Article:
• avatar
    Power6

    @jacad you bring up some great points, and I have to agree that this process seems to have been done arbitrarily which is the tragedy, although I can’t really think of any other options that would have worked better.

    Wouldn’t starving the dealers until the strong ones survived resulted in just as much uproar and claims of unfairness? I don’t know too much about the dealer biz, but I do understand what “channel stuffing” is, and I know that part of the wonder of badge engineering for decades now has been done to appease dealers screaming for a product in every niche for their brand. I also know that the required investments for ongoing business with these franchises often requires great expense for renovations and beautification of a dealership.

    How fair would it have been for GM to come down and tell the dealers of the remaining brands they will not be getting a full line for their brand, they will have a hard time getting hot products, and by the market share, they likely will not survive. GM would have to have a crystal ball to tell dealers to invest in anything new when they don’t know if they are going to make it or not. The complaints would have been just as loud, and probably a much stickier situation, because all of the dealers would have had franchise agreements to cry about, rather than a portion of dealers not getting renewed.

    You are mistaken to say that GM will lose “customers” when the dealerships go away. If the Dunkin’ Donuts’ down the street closes, I will go to the other one to get the same coffee, unless maybe that franchisee was a buddy of mine who DD treated unfairly.

    Maybe that is the lesson here, GM has too long been building cars for dealers, and forgetting who the customer really is. Case in point, look who got their Camaros before the pre-order customers did…the dealers.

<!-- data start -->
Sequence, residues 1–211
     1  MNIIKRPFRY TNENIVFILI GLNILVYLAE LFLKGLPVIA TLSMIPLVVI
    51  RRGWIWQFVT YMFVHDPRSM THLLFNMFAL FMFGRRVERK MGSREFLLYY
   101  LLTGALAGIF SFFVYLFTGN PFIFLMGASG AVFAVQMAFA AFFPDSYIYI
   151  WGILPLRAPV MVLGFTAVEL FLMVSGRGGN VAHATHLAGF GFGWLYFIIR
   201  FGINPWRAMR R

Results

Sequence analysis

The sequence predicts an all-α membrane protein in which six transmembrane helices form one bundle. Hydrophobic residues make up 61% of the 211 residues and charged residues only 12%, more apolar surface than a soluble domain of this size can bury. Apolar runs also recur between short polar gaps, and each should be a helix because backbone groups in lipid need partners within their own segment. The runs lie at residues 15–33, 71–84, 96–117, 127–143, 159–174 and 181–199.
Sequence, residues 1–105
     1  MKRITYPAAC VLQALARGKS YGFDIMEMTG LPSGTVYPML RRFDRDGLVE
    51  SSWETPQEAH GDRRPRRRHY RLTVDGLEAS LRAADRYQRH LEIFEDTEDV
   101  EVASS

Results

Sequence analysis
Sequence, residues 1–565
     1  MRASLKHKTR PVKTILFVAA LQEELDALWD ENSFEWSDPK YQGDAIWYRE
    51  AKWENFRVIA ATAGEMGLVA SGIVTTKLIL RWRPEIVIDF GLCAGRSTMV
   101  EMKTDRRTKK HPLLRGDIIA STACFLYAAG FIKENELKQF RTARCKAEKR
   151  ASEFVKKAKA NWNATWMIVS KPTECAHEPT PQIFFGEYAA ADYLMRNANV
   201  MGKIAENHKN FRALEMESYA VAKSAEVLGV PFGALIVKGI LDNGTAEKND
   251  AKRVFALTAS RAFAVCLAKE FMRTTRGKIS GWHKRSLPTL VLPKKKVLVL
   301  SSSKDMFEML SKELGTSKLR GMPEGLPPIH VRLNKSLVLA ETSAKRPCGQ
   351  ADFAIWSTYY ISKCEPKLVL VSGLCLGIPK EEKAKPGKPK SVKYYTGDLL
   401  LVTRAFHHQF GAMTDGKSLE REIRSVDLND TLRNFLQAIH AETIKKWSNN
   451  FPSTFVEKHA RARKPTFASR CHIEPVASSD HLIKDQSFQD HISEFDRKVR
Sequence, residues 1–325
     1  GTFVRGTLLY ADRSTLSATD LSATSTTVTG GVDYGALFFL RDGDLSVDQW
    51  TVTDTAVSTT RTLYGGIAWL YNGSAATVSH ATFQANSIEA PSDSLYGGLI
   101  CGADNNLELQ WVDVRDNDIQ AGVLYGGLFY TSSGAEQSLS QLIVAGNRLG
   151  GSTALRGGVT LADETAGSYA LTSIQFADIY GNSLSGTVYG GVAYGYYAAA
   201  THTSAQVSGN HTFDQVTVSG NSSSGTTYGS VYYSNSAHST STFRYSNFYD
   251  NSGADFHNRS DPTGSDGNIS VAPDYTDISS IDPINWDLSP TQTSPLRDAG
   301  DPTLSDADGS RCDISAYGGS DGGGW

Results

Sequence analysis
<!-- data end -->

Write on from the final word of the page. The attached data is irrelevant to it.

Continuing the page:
• avatar
    porschespeed

    The only customer GM has is dealers since in all fifty states it is illegal to sell direct to the public. GM has never been able to support with real numbers that dealers cost them anything but rather produce revenues in car sales and parts sales. They have now eliminated 50% of their brands and 40% of their dealer representation.

    You’ve already admitted that the dealer system is a matter of law. You do realize who wrote those laws? Dealers and their lobbyists.

    If a consumer wishes to purchase a product that is only available at, say Best Buy, then Best Buy captures that sale. Doesn’t matter if there is one Best Buy or ten. So, if you can serve your consumer with 2 outlets instead of 10, you become more efficient. More efficient for the seller and more eficient for the producer. Sony can much more efficiently/cheaply serve 2 retail outlets than 10.

    If you need service, you go to a factory service center. Warranty work, factory service center. Sure they can be franchised outlets. Put ’em against a factory operated unit in the same market, see who wins.

    Parts? Kidding right? There are already national auto parts chains. Not really difficult to distribute product in factory boxes right down that line.

    Just like business is supposed to be done.

    As to Sloan, those who support his theories apparently miss that his principles are the ones that have led GM to where it is today.

  • avatar
    jacad

    “Factory service center”. Now there is the pure definition of oxymoron!

  • avatar
    porschespeed

    “Factory service center”. Now there is the pure definition of oxymoron!

    Vis-a-vis “dealer service”? Perhaps the same side of different coins.